Consider Yourself a Developer? You Should Solve the Project Euler Problems

By Bennett Garner

12 - 15 minutes

I’m going to make a bold claim: every developer (and aspiring developer) should solve the first 50 Project Euler problems.

The benefits of working on the Project Euler problems are too great to ignore:

They’ll expose whether you understand the basic operations of the language you’re using, and they can be solved in any programming language

You’ll learn how to write solid, standard, vanilla code. No libraries needed, so you won’t have crutches to rely on

You’ll have to think about how you store and access data in memory

You’ll need to optimize processing speed and think hard about algorithms

In this quick (<5 minute read) article, I’ll make my case for why you should solve the Project Euler problems in every programming language you want to learn.

Vince Lombardi, the legendary American football coach, would start every pre-season training with a (now famous) speech:

“Gentlemen,” he’d say to a room of professional football players, “this is a football.” He’d go on to explain the fundamentals of playing and winning at the game — running, passing, tackling, and kicking.

Lombardi’s ruthless focus on the fundamentals made him the winningest coach in the history of football, with more championships (5) than any other coach in history.

The same principles apply to software development.

Any coding challenge will test your ability to use variables, conditional statements, loops, data structures, and other common features of programming languages.

Project Euler, however, is an especially rigorous test of your understanding and command of the fundamentals. You’ll have to combine the fundamentals in different permutations in order to solve the problems.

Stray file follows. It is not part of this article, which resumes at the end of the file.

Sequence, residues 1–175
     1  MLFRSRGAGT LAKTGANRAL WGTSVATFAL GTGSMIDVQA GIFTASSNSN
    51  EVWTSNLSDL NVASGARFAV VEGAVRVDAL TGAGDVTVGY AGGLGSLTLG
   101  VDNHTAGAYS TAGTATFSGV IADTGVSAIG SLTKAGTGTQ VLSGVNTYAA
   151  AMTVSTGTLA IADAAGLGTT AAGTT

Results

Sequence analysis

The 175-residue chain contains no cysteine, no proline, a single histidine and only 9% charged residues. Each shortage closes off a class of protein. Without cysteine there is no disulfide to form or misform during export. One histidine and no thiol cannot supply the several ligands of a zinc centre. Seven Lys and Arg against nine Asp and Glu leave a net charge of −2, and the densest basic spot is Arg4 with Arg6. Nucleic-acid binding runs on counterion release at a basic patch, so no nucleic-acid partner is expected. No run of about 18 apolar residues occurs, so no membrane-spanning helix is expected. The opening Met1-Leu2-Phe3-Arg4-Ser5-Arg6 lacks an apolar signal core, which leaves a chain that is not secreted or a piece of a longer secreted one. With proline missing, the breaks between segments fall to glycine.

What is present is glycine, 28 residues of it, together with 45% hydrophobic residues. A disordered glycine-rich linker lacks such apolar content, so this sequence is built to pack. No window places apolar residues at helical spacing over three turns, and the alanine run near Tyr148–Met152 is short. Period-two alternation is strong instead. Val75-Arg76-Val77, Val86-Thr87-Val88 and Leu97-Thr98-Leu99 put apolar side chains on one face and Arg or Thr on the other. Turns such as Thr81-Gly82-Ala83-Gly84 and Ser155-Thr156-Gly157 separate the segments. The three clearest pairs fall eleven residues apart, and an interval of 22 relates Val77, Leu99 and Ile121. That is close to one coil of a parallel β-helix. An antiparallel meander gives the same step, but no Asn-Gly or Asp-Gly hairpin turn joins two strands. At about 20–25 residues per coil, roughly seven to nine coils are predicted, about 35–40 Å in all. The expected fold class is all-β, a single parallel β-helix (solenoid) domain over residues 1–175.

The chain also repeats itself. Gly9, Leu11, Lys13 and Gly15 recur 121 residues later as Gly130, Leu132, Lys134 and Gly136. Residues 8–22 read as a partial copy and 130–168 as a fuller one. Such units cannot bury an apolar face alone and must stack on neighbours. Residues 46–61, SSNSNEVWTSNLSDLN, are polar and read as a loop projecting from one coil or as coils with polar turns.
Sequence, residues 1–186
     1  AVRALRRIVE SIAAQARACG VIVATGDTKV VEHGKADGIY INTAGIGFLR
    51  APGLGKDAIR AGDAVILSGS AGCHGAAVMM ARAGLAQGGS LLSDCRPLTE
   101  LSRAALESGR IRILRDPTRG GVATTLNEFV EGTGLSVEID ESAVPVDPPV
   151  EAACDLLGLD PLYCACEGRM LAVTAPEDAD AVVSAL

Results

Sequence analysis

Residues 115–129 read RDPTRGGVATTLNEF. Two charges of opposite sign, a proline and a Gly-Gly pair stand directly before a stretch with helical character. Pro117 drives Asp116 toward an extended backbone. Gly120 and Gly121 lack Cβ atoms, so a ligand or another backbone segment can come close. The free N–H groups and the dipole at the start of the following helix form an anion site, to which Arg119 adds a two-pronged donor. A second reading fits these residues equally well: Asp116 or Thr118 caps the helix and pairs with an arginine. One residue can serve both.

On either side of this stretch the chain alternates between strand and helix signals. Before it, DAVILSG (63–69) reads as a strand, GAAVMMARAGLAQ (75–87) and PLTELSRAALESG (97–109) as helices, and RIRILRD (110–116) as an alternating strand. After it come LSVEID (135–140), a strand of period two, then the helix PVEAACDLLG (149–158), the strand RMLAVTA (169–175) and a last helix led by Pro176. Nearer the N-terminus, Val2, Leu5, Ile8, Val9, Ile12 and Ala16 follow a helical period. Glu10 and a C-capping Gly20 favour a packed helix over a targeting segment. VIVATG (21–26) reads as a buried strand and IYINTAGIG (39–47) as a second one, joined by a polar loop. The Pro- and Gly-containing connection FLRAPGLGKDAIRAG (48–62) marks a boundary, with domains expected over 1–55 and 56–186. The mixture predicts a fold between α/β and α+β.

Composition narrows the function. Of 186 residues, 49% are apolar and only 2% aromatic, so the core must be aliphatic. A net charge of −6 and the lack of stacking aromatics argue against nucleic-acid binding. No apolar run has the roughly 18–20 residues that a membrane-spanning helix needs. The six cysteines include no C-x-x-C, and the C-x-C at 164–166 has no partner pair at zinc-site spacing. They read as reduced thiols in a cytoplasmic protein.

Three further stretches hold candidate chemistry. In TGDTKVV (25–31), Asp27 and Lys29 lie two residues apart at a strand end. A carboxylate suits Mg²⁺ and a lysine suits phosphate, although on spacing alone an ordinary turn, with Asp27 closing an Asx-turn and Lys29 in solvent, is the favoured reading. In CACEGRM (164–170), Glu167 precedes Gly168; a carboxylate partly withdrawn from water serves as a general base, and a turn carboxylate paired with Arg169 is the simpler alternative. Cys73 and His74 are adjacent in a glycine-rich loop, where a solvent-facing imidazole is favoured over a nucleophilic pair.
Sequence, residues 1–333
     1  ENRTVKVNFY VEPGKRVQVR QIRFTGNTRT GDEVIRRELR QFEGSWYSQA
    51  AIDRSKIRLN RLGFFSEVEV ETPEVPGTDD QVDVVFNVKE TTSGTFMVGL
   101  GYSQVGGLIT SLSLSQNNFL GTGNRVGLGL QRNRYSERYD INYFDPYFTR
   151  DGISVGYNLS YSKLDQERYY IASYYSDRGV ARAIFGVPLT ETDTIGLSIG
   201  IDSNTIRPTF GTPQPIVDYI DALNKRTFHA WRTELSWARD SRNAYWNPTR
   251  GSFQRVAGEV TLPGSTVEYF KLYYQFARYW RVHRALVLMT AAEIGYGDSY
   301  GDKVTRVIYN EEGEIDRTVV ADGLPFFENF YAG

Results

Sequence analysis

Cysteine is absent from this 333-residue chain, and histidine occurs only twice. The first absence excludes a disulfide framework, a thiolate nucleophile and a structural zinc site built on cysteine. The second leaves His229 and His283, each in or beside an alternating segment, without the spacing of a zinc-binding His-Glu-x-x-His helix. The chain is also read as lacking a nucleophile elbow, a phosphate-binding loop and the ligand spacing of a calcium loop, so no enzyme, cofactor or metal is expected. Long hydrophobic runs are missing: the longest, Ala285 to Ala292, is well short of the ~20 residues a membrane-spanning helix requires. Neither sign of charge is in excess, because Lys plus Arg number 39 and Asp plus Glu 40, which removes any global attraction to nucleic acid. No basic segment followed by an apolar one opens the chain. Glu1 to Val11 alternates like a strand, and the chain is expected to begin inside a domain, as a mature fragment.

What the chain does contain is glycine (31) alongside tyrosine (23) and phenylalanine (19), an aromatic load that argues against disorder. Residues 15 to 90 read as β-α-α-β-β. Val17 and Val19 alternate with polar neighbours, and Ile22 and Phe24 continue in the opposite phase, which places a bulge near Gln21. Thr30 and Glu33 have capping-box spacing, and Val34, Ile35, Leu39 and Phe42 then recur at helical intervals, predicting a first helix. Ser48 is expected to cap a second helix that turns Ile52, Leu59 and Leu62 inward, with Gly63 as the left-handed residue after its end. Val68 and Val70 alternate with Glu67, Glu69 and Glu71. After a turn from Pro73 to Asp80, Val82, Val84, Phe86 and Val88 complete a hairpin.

And the fundamentals are all you’ll need. If you’ve been coding web apps, games, or other software, chances are you’ve become used to using certain libraries to accomplish specific, predictable tasks.

Project Euler takes away those libraries and purely tests your ability to reason about simple logical problems and write simple code that addresses those problems.

There’s a reason why every Computer Science undergraduate program includes a course in Algorithms & Data Structures, and why so many companies test algorithmic thinking in their hiring process.

The challenge is to know when to spend time optimizing and when to go with the simple solution.

The solution that is the most readable to other humans and intuitively makes sense is often the best.

The first few Project Euler problems will teach you this lesson. They involve simple computations with (relatively) small upper bounds. Computers are fast, and there’s no need to create work for yourself over-optimizing the first few solutions.

What a theoretical Algorithms class in university can’t teach you is what it feels like to wait for a slow algorithm to compute the answer to a problem.

A great developer has intuition about efficiency. Over time, experienced devs develop a sixth sense for sub-optimal implementations of solutions to problems. You develop that intuition from experience, and the later Project Euler problems are great teachers of what efficiency intuition feels like.